Around this time last year, Android’s engineering team hosted an ‘Ask Me Anything’ session on Reddit, to discuss the Android O release. The team announced that it would be returning for what is now practically a tradition, with this AMA for questions about Android P.
Popular topics that were put to the team included plans for Android tablets, system-wide dark mode (as always), and the disappointing new gesture navigation. Not all questions were answered, understandably, but here’s what Google’s devs did have to say in their responses.
It’s one feature request that just won’t go away, despite Google previously saying how hard theming is to do well. Sadly, there was only confirmation that they “don’t have anything to announce about a unified dark mode.” This is disappointing, but not unexpected, and while I wouldn’t rule it out at some point in the future, it’s almost certainly not coming with Android P.
Announced at Google I/O, Adaptive Battery is a new feature that will use AI to learn your habits and restrict apps from running intensive processes when you don’t need them. One Redditor asked if there was a way to have it forget what it’s learned, other than doing a factory reset, and the answer was no. It will apparently be a fast learner, however, negating the need to reset it in the first place.
Quick Settings Tiles
In Oreo, some quick settings tiles were expandable while some were not. As of the Android P dev previews, they no longer work the same way, and none of them are expandable any longer. Some users aren’t happy about this, but Megan Potoski explained the change by saying they wanted the behavior to be more consistent. That’s how they ended up with one tap toggling the setting on or off and a long press taking you to the settings page. If you ask me, it’s probably better this way.
The current android sharing menu is slow and terrible, something I think we can all agree on. According to the poster of a question about it, “Rita El Khoury had a wonderful article at Android Police highlighting other issues with the Share UI” — gee, thanks. Google’s Adam Powell took the blame for this, explaining that his implementation relies too heavily on how fast third-party apps are to start and return direct share targets. Because it was already so slow to animate, they disabled tapping on something before the menu finishes loading to avoid errors, and this made the whole thing even worse.
Luckily, this is something they’re looking at improving, by changing how the API works and having links from third-party apps loaded in advance. Hopefully, this will be ready in time for the final Android P release, although there was no confirmation from Google about this.
This feature has been heralded as the answer to Android’s fragmentation problem by modularizing the OS and making it easier for OEMs to release updates in a timely fashion. When asked if it was making the Android team’s job easier, the answer was surprising. Apparently, it’s actually harder to maintain HAL interfaces that are now essentially frozen. Even so: “All this pain is worth it, though.”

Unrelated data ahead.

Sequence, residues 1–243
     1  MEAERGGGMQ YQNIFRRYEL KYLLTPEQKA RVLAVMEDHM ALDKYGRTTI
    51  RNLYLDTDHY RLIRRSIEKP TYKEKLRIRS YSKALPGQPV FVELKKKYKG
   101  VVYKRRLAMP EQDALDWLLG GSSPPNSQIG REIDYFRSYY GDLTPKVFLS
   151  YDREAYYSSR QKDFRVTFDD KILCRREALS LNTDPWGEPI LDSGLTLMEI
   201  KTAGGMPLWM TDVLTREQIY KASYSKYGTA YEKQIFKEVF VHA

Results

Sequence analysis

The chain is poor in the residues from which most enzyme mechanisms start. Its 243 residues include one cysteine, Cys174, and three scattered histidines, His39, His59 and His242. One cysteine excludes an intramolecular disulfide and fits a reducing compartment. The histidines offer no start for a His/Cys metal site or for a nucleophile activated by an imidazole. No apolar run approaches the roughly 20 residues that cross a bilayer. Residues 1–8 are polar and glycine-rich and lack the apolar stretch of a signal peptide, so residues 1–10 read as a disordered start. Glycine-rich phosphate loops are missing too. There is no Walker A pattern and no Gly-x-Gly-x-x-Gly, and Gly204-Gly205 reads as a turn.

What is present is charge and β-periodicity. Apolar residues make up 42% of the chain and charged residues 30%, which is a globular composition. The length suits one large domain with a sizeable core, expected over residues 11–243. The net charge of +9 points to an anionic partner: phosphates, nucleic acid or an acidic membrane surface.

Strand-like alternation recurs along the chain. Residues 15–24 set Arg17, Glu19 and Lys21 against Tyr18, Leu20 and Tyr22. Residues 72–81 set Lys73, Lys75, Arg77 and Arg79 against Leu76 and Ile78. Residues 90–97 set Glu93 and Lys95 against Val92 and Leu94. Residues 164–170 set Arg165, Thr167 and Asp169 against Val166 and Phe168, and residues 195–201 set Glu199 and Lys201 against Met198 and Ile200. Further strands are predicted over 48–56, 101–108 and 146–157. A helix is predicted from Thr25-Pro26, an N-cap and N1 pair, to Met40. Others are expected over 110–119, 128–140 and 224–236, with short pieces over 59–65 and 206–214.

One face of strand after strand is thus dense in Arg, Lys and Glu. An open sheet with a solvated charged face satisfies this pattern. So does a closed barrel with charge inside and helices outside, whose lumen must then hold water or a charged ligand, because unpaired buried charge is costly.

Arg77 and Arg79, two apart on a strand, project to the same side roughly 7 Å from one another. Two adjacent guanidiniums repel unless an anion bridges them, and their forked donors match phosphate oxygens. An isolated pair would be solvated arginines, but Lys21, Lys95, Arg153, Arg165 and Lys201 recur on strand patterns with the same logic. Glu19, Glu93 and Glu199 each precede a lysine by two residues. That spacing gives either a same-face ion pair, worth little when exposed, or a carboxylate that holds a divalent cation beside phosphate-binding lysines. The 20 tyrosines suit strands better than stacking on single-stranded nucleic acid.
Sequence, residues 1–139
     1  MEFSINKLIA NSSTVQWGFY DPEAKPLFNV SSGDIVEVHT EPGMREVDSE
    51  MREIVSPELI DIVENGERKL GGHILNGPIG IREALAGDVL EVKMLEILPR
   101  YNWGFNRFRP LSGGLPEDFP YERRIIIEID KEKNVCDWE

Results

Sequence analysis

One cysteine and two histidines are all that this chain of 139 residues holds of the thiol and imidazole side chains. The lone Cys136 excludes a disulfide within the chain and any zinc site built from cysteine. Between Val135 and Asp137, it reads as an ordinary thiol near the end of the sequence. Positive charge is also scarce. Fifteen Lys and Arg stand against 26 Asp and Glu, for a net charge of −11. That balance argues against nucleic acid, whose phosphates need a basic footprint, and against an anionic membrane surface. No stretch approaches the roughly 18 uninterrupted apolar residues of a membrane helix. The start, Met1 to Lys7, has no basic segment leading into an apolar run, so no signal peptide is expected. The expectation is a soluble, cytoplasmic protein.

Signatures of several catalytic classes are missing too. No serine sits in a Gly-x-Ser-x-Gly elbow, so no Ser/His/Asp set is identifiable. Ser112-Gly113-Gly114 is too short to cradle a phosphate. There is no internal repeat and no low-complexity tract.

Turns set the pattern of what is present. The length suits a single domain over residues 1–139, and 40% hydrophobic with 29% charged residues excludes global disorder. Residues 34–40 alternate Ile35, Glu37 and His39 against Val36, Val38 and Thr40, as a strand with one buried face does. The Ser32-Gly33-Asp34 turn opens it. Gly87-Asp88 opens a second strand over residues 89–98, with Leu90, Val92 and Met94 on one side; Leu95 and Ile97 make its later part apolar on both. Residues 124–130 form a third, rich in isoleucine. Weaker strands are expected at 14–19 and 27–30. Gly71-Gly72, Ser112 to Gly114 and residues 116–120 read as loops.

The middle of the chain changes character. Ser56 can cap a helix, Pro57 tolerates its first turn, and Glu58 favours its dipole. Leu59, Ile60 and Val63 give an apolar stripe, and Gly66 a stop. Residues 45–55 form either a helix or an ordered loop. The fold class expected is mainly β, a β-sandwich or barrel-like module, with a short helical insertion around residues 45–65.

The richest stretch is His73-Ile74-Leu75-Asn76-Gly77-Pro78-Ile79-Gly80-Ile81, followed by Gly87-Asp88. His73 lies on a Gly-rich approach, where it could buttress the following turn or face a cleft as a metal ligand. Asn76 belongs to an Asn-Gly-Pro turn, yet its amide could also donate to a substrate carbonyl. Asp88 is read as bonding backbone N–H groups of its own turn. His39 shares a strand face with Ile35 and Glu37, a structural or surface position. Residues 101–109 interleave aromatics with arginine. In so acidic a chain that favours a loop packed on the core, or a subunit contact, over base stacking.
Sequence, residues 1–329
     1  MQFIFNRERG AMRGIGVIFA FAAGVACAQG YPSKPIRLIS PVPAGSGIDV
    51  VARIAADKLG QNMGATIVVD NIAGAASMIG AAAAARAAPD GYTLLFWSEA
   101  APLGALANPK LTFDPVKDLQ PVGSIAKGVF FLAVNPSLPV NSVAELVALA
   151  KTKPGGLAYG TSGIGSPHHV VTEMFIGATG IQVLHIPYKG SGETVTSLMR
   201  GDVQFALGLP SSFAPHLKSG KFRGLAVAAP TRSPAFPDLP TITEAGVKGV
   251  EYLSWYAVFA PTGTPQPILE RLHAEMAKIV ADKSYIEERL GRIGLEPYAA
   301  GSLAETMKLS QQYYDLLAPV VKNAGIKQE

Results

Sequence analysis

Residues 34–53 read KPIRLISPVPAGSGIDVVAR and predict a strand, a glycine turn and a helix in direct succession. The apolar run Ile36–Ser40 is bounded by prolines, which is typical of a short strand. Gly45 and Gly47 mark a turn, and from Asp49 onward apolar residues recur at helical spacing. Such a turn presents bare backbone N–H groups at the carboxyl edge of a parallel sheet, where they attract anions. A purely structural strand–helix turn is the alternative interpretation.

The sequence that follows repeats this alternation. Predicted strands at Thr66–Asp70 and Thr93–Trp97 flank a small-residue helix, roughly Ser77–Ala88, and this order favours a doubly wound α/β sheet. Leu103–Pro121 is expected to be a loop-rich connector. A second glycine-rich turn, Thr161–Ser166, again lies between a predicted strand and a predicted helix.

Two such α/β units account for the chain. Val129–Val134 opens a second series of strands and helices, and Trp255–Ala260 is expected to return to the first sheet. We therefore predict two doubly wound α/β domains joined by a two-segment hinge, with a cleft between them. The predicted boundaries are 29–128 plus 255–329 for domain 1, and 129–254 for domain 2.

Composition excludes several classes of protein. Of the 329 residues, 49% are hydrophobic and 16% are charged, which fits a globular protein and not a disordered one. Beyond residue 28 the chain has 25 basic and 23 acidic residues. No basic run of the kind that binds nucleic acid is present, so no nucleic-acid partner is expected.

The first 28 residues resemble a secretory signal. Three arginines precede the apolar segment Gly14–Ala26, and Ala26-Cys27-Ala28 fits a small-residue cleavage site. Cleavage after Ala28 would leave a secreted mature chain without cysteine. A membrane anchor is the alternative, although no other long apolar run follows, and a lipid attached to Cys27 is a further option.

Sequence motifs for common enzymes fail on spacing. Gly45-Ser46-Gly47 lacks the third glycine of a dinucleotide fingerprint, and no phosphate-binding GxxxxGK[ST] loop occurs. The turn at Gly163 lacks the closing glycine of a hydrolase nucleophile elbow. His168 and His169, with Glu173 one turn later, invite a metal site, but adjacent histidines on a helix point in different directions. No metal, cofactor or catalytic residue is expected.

Many commentators, myself and David included, see Android P’s new gesture navigation as a half-baked attempt to mimic something that the iPhone X actually does very well. This inevitably came up in the AMA, and Google has this to say:
Thanks for the question! We evaluated many, (MANY!) options for navigation as part of this overall change to the system spaces (worth noting that our main impetus was about making All Apps/Overview more accessible from wherever you are in the system, similar to the notification shade). HOME and BACK are so central to Android navigation (both the system and the apps) – that ensuring the dependability of them via buttons with enough space led us to the current design. All that said – we really value both the aesthetic and functional appeal of a smaller nav bar / more gross-gesture navigation and are continuing to explore opportunities to bring that in.
Making Overview more like the notification shade makes sense, but it still seems like they ran out of time when it came to getting this ready for Android P; they probably should have just waited until Android Q so they could get it right, but we’re stuck with it now. At least there’s an admission (of sorts) that it could be improved and an indication that they are “continuing to explore” a better implementation.
That merely scratches the surface of everything the Android engineering team had to say, so check out the source links below to read more of their answers and see what they refused to comment on. Maybe some of the things you’ve been wondering about were covered too.
Image: Chet Haase on Twitter